By now, we have all received at least one email disclosing to us that the personal information we provided to an organization was leaked or stolen. It could have been a social media platform, a bank, or a fast-food chain (Drizly, an alcohol delivery service, was one of the latest to announce a breach). Seemingly no industry has been exempt from data breaches, inadvertent leaks, or misconfigurations by the governing body to date.
Since LinkedIn's notable 2012 breach affecting 170 million users, we have seen many other significant security incidents exposing massive amounts of user data. Sometimes it's billions of accounts — billions! For example, in 2019, researcher Bob Diachenko discovered an unsecured Elasticsearch server that leaked records related to 1.2 billion people.
Considering the amount of publicity these incidents receive, does the data from well-known mega-breaches have any value within the underground economy, and do end users continue to be affected today? Many people may be surprised by the answer.
In most scenarios, organizations follow guidelines of responsible disclosure in the event of a data breach or cybersecurity incident. This may look like offering complimentary breach remediation, perhaps by third-party remediation or credit-monitoring services such as Tri-Credit bureau organizations. This is typically followed up with recommendations for end users to change the credentials affected. And then the organization itself resets, locks, or removes the impacted leaked data rendering it unusable, and end users reset their own passwords … right?
Data from Highly Publicized Breaches Are Valuable Today
- 2014: Yahoo (3 billion)
- 2017: Equifax (163 million)
- 2018: Under Armour (150 million), Panera Bread (37 million)
- 2019: Verifications.io (200 million), Canva (140 million), Zynga (173 million)
A majority of this leaked data, and more, continues to be readily available for little to no cost, found within commodity-based threat actor forums or open source intelligence environments, or recycled in forums and sold as smaller unique datasets, pivoting off the original leaked datasets, and leveraging the users' password reuse on other third-party accounts.
For example, researchers at Vigilante obtained 100 Citibank user accounts — completely valid credentials — belonging to valid Citibank customers. These credentials are directly from well-known breaches not related to a Citibank breach. In other words, threat actors took data from well-known, highly commoditized leaks and targeted other possible accounts those users might have, such as Citibank, by testing the credentials for a match.
This is easily accomplished via well-known and easy-to-obtain cybercrime tools such as Private Keeper. This tool is touted as requiring no knowledge of programming skills and uses a simple and intuitive graphical user interface, highly capable of brute-forcing credentials. With such ease of use and lowered technological sophistication, this certainly broadens the threat-actor population who are willing to engage in cybercrime activity in order to turn a buck — most certainly endangering all online brands.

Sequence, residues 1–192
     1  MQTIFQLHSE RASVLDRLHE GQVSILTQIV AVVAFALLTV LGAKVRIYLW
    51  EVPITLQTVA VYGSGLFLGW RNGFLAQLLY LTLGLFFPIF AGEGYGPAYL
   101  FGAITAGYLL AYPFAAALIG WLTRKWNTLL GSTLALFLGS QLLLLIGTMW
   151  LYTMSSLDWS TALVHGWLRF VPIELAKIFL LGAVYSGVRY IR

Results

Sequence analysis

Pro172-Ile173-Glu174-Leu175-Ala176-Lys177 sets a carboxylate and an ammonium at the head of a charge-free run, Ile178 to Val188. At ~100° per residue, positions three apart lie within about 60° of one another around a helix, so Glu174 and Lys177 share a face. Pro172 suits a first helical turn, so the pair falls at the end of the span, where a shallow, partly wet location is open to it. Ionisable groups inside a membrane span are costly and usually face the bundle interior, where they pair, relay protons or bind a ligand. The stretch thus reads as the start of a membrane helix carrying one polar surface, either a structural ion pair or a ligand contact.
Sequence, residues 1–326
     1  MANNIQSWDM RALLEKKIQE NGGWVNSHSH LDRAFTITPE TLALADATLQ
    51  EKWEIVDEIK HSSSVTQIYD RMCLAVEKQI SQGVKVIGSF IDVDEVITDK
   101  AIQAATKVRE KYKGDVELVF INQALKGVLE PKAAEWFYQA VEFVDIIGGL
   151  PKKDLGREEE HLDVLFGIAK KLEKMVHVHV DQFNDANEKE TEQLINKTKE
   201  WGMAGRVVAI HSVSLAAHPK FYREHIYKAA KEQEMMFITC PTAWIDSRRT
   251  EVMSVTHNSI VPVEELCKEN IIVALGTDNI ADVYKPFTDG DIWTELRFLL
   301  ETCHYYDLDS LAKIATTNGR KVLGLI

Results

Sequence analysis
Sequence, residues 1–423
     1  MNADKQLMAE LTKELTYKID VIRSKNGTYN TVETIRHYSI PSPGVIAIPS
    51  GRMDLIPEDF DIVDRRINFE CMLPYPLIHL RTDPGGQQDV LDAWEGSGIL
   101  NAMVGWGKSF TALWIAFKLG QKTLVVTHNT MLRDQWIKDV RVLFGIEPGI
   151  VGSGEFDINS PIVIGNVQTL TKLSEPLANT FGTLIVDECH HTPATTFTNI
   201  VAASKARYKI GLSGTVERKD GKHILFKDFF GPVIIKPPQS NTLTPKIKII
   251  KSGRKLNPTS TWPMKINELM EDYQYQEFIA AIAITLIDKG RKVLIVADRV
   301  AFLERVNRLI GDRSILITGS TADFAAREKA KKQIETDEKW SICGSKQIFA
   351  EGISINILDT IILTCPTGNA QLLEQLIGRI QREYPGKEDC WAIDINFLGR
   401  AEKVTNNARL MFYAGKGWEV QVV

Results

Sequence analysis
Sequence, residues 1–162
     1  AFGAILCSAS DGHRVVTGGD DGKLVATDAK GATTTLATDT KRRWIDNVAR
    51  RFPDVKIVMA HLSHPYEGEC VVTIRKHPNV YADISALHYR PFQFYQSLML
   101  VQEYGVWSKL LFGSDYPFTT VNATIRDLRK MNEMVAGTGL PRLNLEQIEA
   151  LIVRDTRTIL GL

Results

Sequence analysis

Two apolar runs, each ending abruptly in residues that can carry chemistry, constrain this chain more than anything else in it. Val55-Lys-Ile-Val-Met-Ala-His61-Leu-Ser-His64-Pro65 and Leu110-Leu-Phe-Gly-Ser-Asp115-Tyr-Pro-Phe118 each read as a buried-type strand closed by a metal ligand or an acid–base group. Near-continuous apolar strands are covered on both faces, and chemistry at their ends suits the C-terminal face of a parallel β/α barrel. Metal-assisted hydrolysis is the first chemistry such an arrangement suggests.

The Elephant in the Room
Today, there may be a lack of collaboration between organizations that represent midsize to large ecosystems of users, for example. That is to say, it does not appear that third-party organizations unrelated to a mega-breach are monitoring for leaks, cross-comparing their user base, or identifying their own users of the mega-breach and forcing password resets of their own user, considering the high probability of password reuse.
When mega-leaks occur, many other ecosystems become endangered due to the tendency of users to reuse the same credentials on other sites. Not only well-known brands but even small to midsize organizations with an online presence should consider the issue of password reuse stemming from previous mega-leaks as a primary threat vector.
While I do believe organizations that are breached continue to monitor for attribution around the leak, and they work to remediate their own users to the best of their ability, other satellite organizations may not confirm if their end users have reused the credentials of their infrastructure.
How We Shift Away from Account Takeovers Due to Breaches
We know that threat actors tend to leverage the simplest threat vectors and unsophisticated password-reuse campaigns, which tend to be the most successful and profitable campaigns for cybercriminals. Despite this, most end users have stopped paying much attention to new data breaches. Individuals are not proactively working to protect their accounts in the easiest ways possible.
This means that when mega-breaches occur, the leak affects not only the breached organization but all other online ecosystems that share the same user base. And threat actors will continue to leverage massive data leaks to compromise user accounts at other online ecosystems, in addition to reselling it.
My vision for the future is that organizations with personal data should work as a collective. When a breach occurs at one organization, all organizations should be enforcing new credentials and rejecting known compromised credentials. This can help to curb account takeover, fraud, and misrepresentation. We have seen that account credentials from eight years ago are being reused today. Organizations should potentially consider evaluating well known breaches of correlations between their own ecosystem and well-known breaches, remediating matches, not only enforcing step-up authentication challenges in the login process but also enforce users of formerly known data leaks to leverage two-factor authentication.
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